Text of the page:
The Pentagon has confirmed that one reason they targeted Junaid Hussain was his hacking activities. The AP story quotes the Central Command as saying:
"This individual was very dangerous. He had significant technical skills."The truth of the matter is more complicated. It's unlikely Junaid Hussain actually had "significant technical skills". He was probably a "script kiddy", one of the many low-skilled hackers that form the bulk of Anonymous-style hacking groups. The actual hacks were minor. He may have hacked the CENTCOM Twitter accounts, but it's unlikely he actually hacked anything of military consequence.
Like many in Anonymous, his primary skills were propaganda and mastery of social media. He was in contact with one of the "Mohamed Cartoon" killers in Texas, for example. According to news reports, it was his use of social media in "inspiring" others to join ISIS/Daesh that put him as #3 on the kill list (after the leader of the terrorist group, and the guy in charge of beheadings), not his hacking.
But at the same time, his hacking may have been an essential element.
Lots of ISIS/Daesh supporters are active on social media like Twitter and Facebook. What make Junaid Hussain stand out was the notoriety of his hacks. It's like describing Donald Trump purely as a candidate for president while ignoring that it's his status as a billionaire that enabled his candidacy. While Junaid Hussain was #3 on the ISIS/Dasesh target list for his recruitment activities, it's his hacking that made those activities possible.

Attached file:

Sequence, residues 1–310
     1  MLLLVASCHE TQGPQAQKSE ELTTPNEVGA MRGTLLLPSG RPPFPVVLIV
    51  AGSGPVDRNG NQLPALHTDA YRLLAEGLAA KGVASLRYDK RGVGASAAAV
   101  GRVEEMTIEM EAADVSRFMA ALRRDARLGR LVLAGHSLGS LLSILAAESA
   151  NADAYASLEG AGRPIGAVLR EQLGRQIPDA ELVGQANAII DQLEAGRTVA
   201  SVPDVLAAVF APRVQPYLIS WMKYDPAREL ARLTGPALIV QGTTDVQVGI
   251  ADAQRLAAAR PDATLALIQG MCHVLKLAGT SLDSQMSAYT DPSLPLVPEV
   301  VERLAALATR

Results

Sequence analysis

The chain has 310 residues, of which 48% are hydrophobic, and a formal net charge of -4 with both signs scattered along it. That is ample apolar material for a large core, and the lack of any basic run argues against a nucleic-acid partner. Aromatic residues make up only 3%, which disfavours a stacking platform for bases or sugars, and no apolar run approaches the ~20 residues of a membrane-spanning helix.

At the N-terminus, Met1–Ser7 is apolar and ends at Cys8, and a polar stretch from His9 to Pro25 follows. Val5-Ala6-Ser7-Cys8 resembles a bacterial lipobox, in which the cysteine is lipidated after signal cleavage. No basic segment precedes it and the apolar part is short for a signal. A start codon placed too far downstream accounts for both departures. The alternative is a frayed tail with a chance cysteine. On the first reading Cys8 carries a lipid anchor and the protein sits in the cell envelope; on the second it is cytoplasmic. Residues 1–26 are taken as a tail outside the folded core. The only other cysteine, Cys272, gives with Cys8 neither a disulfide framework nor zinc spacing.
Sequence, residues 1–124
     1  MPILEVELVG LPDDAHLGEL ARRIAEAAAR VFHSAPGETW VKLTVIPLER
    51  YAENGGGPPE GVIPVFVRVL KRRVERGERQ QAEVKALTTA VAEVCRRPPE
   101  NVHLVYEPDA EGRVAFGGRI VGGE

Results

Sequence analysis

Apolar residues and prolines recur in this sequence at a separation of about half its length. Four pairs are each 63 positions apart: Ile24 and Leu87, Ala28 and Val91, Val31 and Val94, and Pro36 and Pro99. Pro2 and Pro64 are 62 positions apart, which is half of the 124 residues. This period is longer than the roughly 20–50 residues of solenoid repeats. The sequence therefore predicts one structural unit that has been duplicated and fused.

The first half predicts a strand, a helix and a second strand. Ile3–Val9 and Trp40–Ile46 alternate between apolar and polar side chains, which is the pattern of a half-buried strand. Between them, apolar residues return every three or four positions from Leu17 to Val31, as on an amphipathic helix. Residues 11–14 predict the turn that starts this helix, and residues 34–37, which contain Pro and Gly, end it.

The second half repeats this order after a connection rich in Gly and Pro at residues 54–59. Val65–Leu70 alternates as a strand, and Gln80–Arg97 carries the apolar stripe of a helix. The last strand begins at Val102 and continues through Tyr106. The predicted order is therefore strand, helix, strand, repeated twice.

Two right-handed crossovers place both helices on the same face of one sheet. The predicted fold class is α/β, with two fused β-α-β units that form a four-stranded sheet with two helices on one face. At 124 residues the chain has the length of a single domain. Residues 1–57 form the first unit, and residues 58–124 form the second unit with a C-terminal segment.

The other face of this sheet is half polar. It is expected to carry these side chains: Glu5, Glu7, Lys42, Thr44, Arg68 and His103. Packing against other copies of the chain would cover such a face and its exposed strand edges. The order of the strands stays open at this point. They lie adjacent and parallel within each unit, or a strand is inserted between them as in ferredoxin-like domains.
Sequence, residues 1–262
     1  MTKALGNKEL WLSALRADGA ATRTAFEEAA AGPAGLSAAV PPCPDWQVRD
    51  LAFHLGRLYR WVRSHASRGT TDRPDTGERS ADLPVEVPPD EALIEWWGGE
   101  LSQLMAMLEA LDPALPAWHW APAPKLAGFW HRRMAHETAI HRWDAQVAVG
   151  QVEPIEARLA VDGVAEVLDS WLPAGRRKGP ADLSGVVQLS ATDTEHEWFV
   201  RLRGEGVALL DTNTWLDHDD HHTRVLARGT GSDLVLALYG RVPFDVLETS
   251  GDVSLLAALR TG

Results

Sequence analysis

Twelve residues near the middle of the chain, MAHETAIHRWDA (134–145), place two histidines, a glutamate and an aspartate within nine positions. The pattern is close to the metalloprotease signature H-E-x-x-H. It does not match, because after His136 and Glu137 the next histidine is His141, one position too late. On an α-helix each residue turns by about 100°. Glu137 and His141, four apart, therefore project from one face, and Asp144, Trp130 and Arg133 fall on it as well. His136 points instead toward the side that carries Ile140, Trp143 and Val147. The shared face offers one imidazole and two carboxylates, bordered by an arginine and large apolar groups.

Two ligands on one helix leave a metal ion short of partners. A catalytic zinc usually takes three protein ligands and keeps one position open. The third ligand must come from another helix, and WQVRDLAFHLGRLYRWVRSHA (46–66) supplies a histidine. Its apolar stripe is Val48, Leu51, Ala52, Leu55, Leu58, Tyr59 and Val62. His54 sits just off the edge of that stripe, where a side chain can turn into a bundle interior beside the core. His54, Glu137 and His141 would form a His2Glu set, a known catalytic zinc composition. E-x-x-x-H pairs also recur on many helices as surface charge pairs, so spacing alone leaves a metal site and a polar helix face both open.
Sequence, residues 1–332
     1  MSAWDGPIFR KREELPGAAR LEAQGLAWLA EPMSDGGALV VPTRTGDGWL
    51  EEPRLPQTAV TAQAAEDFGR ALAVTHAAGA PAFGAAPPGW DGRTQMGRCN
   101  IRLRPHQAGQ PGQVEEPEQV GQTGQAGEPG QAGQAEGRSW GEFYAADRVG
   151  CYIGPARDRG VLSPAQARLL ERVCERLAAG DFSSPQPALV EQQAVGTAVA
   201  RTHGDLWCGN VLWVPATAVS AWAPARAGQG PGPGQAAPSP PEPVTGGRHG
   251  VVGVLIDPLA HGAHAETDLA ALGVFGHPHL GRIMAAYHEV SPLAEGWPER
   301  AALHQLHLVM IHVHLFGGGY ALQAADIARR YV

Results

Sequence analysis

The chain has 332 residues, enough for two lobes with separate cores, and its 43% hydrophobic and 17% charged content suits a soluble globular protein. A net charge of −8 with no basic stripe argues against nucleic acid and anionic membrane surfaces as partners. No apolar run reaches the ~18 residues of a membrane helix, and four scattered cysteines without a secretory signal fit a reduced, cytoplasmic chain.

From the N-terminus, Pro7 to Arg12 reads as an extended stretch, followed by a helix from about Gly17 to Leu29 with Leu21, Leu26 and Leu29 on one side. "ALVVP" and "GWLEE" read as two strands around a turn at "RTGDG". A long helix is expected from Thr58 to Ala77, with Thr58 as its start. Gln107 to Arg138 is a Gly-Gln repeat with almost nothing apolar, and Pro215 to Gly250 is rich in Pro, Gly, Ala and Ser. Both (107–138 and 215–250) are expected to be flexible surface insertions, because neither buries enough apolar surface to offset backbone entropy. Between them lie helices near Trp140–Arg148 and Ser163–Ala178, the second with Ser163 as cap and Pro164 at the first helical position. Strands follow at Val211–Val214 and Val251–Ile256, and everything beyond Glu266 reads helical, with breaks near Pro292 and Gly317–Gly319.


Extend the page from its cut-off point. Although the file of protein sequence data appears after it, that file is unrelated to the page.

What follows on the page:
More importantly, it may have been an essential legal element. The military can't just drone strike anybody it wants. It must follow rules. Jeffrey Carr has an good post about the legality of drone striking somebody like Junaid. Carr finds that his membership in ISIS/Daesh was a sufficient legal basis for assassinating him.
I'm not convinced Carr's analysis is complete, though, and would love for a military lawyer who specializes in such things to weigh in. When it's a citizen of an ally (or our country), I suspect that some sort of overt act may also be required. Hacking the Pentagon qualifies as an overt act. Carr has a great start, but what I'd really like to see is a decision tree about precisely what sorts of hacking activities can get someone drone striked. Likewise, I'd like to see precisely what sort of activities on Twitter and Facebook can put one in danger. The United States already has a legal doctrine of being able to declare citizens "enemy combatants" bypassing due process of law. I'd like to know more about what that entails, at least for hackers.
This year has seen an unprecedented "War on Hackers" by the Obama administration. The U.S. took action against North Korea based on what it claims where that country's hacks against our country. The U.S. has proposed sweeping changes in the law that threaten civil liberties and anybody that looks like a hacker, such as security researchers. The President has declared the threat of hackers a "state of emergency" that gives it sweeping powers to either arrest people suspected of hacking, or confiscate their property. The administration is working on export controls, whose side effect is to make it easy to convict somebody of a felony for simply talking about hacking. Finally, the administration has drone striked a hacker. Sure, it was for more than simply hacking, but at the same time, that hacking was essential to the story cannot be ignored.